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Old Oct 6th 2019, 12:04 PM   #1
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Troublesome problem with finding the electric current

In this problem we have A wire with resistance per unit length of 32 Ω/m that is bent at a right angle. The second straight fragment of the same wire (The blue one) moves at the top of the first one at a speed of v = 4 m/s. The whole system is located in a magnetic field with an induction of B = 8 T, perpendicular to the wires (as in the picture). What we need to do is to find the current flowing through the wires.

We can Ignore the resistance at the points of contact of both wires and also the magnetic field generated by the current itself that is taken into consideration.

So these are two distinct wires that are identical, but separate
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Troublesome problem with finding the electric current-klipp.jpg  

Last edited by Curiousphysicist; Oct 7th 2019 at 10:47 AM. Reason: words
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Old Oct 7th 2019, 06:56 AM   #2
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As you point out this is a badly presented problem
there are at least two seemingly equally plausible ways of interpreting the problem.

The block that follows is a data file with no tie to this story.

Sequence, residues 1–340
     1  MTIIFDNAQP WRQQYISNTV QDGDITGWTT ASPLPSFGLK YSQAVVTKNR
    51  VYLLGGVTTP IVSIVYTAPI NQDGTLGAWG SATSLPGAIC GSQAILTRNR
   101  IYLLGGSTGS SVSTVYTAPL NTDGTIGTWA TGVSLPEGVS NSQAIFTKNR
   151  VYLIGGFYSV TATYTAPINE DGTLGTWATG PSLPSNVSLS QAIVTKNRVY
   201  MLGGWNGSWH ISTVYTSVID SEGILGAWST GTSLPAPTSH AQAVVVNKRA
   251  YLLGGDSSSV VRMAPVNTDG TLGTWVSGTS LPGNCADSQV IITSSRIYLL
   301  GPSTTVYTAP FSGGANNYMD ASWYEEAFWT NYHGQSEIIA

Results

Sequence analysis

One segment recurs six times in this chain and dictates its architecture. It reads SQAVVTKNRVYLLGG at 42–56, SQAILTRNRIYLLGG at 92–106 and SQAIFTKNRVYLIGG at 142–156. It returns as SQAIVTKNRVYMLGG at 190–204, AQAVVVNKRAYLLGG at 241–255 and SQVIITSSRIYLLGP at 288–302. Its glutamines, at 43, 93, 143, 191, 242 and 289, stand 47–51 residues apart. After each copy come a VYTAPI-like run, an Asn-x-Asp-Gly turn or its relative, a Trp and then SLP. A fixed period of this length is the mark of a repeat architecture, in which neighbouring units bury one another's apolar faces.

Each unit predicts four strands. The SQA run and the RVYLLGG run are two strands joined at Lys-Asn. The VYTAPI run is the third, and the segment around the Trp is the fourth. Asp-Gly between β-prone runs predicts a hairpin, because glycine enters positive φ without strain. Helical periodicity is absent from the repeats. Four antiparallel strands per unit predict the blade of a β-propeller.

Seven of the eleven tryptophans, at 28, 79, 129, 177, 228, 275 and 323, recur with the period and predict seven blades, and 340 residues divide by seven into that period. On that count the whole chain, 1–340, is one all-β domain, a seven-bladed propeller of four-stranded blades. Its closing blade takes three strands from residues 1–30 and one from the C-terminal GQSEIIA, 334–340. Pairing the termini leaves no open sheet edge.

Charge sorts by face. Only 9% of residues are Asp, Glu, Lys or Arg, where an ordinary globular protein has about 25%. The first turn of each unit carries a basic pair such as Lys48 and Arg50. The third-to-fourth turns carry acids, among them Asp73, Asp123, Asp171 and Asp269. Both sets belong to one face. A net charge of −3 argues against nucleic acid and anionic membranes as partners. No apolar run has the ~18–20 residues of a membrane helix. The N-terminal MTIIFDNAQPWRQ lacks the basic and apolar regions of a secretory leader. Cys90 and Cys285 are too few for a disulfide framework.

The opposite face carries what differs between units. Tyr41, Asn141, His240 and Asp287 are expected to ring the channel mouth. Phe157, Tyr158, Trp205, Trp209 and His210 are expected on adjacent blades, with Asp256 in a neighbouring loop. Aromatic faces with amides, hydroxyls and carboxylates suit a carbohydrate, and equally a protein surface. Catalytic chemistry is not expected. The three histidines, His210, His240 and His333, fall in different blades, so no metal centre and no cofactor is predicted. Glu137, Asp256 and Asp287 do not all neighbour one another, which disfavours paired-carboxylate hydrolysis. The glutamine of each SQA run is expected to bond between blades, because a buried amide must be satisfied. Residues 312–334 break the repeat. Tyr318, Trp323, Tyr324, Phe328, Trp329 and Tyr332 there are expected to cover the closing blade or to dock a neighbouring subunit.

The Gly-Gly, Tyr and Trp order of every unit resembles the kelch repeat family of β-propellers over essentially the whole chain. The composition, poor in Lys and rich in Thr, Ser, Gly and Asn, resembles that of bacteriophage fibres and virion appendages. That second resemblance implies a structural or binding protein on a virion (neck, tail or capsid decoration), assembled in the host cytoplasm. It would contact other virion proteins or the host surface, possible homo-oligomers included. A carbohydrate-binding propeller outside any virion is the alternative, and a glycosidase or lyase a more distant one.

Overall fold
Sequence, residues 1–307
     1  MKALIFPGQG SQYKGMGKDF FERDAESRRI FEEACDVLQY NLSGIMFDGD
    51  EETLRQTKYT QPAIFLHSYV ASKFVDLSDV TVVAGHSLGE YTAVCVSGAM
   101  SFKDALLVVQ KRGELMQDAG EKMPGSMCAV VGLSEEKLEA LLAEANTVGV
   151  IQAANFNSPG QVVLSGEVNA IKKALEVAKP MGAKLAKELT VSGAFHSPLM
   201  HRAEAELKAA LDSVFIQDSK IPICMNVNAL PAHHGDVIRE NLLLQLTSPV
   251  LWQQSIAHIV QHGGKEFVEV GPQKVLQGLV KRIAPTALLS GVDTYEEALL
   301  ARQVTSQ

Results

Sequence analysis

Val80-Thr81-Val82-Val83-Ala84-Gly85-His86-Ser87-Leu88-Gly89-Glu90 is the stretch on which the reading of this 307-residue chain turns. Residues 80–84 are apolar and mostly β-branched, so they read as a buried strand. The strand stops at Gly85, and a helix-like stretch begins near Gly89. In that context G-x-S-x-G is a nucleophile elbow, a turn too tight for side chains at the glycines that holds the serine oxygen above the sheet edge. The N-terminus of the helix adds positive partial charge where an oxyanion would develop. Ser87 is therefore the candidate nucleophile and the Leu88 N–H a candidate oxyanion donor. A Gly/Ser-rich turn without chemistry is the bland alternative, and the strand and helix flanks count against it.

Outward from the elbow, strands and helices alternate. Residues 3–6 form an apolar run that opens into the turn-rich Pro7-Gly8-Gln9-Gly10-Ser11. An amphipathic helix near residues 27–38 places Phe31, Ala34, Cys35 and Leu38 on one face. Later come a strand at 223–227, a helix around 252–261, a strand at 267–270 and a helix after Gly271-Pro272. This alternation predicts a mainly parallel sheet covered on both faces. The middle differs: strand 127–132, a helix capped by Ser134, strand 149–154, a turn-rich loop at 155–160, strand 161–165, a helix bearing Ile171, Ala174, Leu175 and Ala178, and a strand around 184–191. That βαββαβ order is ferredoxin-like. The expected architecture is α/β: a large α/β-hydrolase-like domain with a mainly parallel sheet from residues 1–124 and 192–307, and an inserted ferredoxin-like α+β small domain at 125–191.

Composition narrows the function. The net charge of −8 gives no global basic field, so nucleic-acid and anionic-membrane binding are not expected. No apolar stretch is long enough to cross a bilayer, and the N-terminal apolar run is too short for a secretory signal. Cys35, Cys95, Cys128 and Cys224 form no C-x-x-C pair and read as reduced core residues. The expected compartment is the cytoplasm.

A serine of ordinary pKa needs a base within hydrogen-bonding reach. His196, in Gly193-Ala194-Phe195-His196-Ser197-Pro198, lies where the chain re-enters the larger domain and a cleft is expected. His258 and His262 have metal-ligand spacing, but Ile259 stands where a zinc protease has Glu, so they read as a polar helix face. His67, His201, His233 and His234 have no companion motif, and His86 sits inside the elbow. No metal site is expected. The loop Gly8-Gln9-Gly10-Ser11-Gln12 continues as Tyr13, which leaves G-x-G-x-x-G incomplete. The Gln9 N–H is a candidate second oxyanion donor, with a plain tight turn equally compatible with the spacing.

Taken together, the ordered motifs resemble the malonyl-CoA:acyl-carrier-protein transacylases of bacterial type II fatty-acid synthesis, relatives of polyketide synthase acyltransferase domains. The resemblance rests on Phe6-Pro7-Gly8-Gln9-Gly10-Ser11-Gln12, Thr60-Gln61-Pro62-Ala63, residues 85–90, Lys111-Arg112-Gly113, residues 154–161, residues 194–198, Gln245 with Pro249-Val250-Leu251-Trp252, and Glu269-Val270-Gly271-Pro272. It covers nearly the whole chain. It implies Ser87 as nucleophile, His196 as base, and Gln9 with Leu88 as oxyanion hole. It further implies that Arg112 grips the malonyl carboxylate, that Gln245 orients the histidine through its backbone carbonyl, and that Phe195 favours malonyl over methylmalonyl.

Is there any clue to be obtained from the wider context of the problem,
for example additional information in preceding (or even following) questions.
or perhaps even looking at the wider context of the section of the text book from which the problem has been lifted?
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Old Oct 7th 2019, 09:07 AM   #3
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I think It is the more regular type of "conundrum" - we have two electrical conductors (in this case wires) that are made of the same things, etc - they're of the same nature, but they are not connected to each other. One other Thing that makes me think is the way the wire slides at the top of the bent one - not quite sure if they do indeed come in contact, or is this somehow negated by the emf, from the electromagnetic field.
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